Beef industry faces challenges but also scores successes

Cattle producers have always been resilient and the last few years have seen many new developments.

The beef code of practice has highlighted animal care and many sections stress the need for painkillers or NSAIDs (non-steroidal anti-inflammatory drugs) for procedures such as castration, brandings or dehornings.

There are many products used to reduce pain and they have been largely adopted by cattle producers. There are now NSAIDs that can be given as injections or orally and a new one has been released that has pour-on application.

There are few things we treat where NSAIDs would not be a great help. Work with your veterinarian for recommendations on when NSAIDs should be used.

I hope that marketing health claims for the sake of marketing will eventually get big organizations like A & W in trouble.

The veggie burger Beyond Beef is a perfect example. I want to call it “Beneath Beef,” but that is a topic for another day.

Implanting is carried out on 98 percent of marketed cattle. Implants return at least 20 to one in value and are necessary to maximize gains. They have been around for about 50 years. In Europe, where growth implants are banned, they market a lot of intact bulls with their own high level of hormones deemed perfectly safe.

Implants are a way of repartitioning the hormones and with zero meat withdrawal the meat is totally safe to eat.

As well, there are more hormones in many garden vegetables and they are safe to eat. The branded or no-added hormone programs are fine as long as the premiums paid to producers are high enough.

Producers will see a fair change in the use of antimicrobials because of the removal of the growth-promoting claims for these types of products.

Producers must be careful to use the right medications in the right dosages and stay away from the families of drugs that are used in human medicine.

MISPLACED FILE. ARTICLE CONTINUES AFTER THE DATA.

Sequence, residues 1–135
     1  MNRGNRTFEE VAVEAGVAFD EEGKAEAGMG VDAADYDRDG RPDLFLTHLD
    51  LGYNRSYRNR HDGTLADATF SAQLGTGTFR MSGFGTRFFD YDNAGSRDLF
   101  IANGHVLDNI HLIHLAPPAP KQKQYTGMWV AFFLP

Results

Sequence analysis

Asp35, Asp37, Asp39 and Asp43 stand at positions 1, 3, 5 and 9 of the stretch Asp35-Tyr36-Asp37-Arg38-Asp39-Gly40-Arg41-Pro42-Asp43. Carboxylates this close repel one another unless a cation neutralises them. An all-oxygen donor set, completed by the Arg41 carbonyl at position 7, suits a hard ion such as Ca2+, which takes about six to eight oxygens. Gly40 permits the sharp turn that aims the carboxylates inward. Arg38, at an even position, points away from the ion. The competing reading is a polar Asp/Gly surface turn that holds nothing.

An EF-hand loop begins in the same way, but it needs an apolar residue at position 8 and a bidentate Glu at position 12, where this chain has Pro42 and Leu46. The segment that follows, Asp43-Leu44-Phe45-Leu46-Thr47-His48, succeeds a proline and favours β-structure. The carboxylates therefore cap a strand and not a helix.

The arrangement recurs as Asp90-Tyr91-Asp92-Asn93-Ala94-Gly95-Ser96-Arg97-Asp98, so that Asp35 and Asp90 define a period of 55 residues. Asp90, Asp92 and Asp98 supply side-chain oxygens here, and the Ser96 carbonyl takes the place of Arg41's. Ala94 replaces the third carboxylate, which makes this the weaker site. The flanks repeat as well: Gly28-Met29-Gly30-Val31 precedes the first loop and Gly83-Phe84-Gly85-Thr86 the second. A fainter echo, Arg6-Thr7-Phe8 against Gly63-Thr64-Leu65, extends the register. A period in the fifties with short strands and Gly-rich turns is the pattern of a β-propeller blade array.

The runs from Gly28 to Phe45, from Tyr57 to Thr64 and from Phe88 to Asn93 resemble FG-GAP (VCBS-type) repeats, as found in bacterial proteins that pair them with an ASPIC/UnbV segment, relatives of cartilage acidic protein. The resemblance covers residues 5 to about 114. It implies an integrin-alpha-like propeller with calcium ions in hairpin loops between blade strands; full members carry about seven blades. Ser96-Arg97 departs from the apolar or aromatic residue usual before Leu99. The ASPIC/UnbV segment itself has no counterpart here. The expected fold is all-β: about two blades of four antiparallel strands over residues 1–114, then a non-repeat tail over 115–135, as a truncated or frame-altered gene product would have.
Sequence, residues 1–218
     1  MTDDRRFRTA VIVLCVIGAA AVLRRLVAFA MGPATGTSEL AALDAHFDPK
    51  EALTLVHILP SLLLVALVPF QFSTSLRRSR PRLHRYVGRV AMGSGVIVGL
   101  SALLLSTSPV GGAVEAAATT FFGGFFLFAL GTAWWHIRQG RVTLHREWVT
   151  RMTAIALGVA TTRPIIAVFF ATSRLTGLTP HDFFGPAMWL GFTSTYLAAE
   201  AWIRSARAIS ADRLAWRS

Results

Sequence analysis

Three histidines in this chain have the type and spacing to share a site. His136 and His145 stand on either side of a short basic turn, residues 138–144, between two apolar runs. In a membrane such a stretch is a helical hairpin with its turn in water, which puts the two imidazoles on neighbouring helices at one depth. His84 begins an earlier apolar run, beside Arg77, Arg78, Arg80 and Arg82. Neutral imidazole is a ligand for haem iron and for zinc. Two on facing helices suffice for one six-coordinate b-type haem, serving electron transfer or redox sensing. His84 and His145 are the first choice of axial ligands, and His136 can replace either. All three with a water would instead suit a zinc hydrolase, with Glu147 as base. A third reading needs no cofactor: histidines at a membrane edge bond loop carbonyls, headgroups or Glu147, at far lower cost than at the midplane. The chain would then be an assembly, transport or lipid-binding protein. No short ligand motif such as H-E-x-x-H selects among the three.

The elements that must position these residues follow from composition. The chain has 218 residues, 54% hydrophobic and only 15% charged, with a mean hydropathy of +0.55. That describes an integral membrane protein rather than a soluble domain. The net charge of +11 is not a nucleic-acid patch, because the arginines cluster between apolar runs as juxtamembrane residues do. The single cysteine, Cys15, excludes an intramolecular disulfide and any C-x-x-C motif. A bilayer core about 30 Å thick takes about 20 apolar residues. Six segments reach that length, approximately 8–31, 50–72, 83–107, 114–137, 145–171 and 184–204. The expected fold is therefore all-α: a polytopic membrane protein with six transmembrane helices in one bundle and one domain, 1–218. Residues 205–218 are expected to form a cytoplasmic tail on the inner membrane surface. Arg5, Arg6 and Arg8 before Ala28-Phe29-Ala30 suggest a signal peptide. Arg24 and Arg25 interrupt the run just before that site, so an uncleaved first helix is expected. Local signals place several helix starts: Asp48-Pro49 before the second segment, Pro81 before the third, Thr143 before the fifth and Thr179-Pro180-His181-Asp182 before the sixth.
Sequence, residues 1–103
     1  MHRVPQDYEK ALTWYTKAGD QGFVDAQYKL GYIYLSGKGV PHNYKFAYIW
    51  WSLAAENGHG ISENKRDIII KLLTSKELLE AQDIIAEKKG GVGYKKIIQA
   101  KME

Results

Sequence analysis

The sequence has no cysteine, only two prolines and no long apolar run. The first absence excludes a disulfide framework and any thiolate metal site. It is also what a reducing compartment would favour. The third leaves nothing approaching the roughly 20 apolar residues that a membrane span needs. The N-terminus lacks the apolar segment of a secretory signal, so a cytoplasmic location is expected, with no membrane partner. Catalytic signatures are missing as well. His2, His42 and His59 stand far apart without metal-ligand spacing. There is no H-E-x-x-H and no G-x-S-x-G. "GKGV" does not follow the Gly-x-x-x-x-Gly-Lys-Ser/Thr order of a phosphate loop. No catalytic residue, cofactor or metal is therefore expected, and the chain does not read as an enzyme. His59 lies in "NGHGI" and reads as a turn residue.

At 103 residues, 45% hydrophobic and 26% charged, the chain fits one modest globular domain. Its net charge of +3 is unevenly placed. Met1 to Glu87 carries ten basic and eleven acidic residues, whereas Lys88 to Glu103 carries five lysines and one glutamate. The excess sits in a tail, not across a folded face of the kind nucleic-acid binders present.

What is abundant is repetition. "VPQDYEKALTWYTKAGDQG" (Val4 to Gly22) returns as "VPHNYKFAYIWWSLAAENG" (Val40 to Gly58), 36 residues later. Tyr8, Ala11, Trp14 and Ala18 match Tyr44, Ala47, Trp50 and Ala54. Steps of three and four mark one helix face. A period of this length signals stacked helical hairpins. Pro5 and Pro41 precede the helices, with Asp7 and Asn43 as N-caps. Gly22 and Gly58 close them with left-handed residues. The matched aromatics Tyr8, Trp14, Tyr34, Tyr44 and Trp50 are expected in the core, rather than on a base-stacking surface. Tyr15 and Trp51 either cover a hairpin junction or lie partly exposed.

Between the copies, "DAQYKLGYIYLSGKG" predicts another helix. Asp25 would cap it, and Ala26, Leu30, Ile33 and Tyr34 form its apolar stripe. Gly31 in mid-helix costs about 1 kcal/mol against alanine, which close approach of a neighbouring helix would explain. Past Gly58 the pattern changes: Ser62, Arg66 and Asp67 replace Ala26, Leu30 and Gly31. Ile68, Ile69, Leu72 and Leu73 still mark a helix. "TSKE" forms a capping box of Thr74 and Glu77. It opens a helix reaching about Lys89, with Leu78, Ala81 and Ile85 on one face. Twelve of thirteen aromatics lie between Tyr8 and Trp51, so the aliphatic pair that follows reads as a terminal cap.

This is not doom and gloom because management tools such as respiratory vaccinations, soft weaning, scours vaccinations, immune stimulants, better biosecurity and not mixing cattle all lead to less reliance on antibiotics.

Other conditions such as lameness, which was once treated with antimicrobials because it was thought to be foot rot, have proven otherwise, so other treatments besides antibiotics are warranted.

We as an industry can do more to market directly through things like video auctions. Good on producers to find more efficient ways to market and save on transportation costs, minimizing stress and delivering a better product.

There are even electrolyte solutions to give cattle during long hauls or those delivered to the slaughter plant and hopefully, the new transportation code will shed light on this subject.

In genomics, while there has been tremendous research and identification of specific traits, we still have much to learn. Purebred breeders are cognizant of this so we can’t start selecting for a single trait while ignoring others.

Canadian genetics are sought after worldwide and purebred producers of all the breeds are continually improving genetics to facilitate this. Producers should work with a purebred breeder, veterinarian and nutritionist to maximize production.

It seems just as the industry starts to move ahead a huge hiccup occurs. From the recent tuberculosis case in southern Alberta to the Chinese closing the border to Canadian beef because of the ractopamine in swine, all meat proteins seem to be tied together. Rest assured veterinarians have your best interests at heart.

After all, your livelihood pretty much becomes their livelihood.

In the future, I wish the Canadian Food Inspection Agency could have the ability to employ private veterinarians to help with these investigations to instill confidence in the health of the Canadian cattle industry and speed up the process when large numbers of animals need to be looked at. There will always be new emerging diseases and a rare outbreak of an old reportable disease. We need to be ever vigilant.

Sleds and carts and drones and cameras and easy calving bulls have taken a lot of the work out of calving. The new calf crop still relies on the hard-working farmers and ranchers doing their checks to maximize the survivability of each newborn. This is especially true in inclement weather.

The public has no idea how hard cattle producers work.

We need to tell our stories. I commend you on your vocation and here’s to a fruitful fall weaning time.

Roy Lewis works as a veterinarian in Alberta.

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